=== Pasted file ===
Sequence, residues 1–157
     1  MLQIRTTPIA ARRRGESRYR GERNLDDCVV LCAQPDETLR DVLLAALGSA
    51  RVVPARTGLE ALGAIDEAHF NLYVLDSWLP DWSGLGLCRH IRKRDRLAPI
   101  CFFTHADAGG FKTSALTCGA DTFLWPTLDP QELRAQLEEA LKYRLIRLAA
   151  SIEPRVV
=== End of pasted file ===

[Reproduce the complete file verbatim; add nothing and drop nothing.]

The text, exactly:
Sequence, residues 1–157
     1  MLQIRTTPIA ARRRGESRYR GERNLDDCVV LCAQPDETLR DVLLAALGSA
    51  RVVPARTGLE ALGAIDEAHF NLYVLDSWLP DWSGLGLCRH IRKRDRLAPI
   101  CFFTHADAGG FKTSALTCGA DTFLWPTLDP QELRAQLEEA LKYRLIRLAA
   151  SIEPRVV